End the drum roll – the Uber IPO is finally going live today.
Based on its disclosed share price which it announced on Thursday May 9th, Uber will be valued at $75.5 billion, which is below its last private market value of $76 billion, recorded in 2018.
Shares will go live at $45, on the lower-end of the $44-50 range it had stated – a rather conservative price.
Uber has had to be more realistic
All of the pomp and circumstance Uber had generated up to the event has eventually diffused and led to a more realistic IPO. However, Bloomberg notes that the fully diluted value of the company, including restricted stock units and other shares, could be about $82 billion. Still, it’s a far cry from the $120 billion figure we had been led to believe, even when analysts had ridiculed such claims.
Originally, banks had told Uber that it could reach this valuation – an overconfident amount for a company that has struggled to make a profit for years. Uber reported $11.27 billion in revenue in calendar year 2018 and lost $3 billion on operations.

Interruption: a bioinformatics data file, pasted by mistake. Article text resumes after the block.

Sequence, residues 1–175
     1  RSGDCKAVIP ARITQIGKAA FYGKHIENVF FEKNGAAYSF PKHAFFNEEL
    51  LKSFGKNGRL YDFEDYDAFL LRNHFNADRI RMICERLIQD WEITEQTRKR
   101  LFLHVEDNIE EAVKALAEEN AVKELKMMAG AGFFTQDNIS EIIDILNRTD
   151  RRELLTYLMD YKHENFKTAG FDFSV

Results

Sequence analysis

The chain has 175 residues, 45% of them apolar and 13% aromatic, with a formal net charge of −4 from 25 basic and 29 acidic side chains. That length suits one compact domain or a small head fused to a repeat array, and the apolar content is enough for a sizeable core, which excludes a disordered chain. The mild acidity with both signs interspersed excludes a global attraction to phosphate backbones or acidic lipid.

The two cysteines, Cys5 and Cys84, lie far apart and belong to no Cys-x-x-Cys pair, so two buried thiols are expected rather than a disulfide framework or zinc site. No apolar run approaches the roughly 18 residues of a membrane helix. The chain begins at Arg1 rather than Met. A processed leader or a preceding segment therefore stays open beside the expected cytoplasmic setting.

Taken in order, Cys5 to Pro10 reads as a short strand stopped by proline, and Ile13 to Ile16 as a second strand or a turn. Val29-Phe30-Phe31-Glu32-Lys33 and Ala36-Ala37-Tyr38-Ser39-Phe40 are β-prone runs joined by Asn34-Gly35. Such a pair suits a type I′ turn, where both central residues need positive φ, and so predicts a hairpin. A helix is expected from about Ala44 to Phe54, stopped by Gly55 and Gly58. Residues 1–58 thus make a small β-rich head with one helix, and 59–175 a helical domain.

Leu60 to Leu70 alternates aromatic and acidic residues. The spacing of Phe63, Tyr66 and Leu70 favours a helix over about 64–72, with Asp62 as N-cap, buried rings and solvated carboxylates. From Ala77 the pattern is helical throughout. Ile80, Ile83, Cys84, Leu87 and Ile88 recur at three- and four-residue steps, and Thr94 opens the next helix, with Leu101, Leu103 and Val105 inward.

Still, it’s too soon to reach a verdict on this whole affair, while we wait for the stock to hit the market. The tempered stock price has eased analysts’ concerns, though.
Analyst Daniel Ives of Wedbush Securities said in a note to investors that “we view Uber’s conservative pricing as a smart and prudent strategy coming out of the box as it clearly learned from its ‘little brother’ Lyft, and the experience it has gone through over the past month.”
Lyft’s IPO is Uber’s cautionary tale
When competitor Lyft went through with their IPO on March 29th, the company had aimed for a valuation of $24.3 billion, based on a $72 priced shares, showing similarly lofty aspirations. The difference is, Lyft did not temper its share price more reasonably before going ahead with the offering. Two days after Lyft had begun trading, analysts said the stock’s failure to hold the offer price means it was priced too high… [where] Lyft [stock] lost nearly 12%, as per CNBC.
Uber seems to have learned from its competitor mistakes.
“[Uber] is hoping to avoid the tumultuous first weeks of trading rival Lyft Inc. [went through], whose shares fell below its $72 IPO price within days of listing and closed 23% below that price Thursday [May 9th],” Bloomberg said.
As such, “Uber has prioritized selecting shareholders — particularly institutional investors — that it thinks will hold on to the stock for a long time, according to a person familiar with the matter.”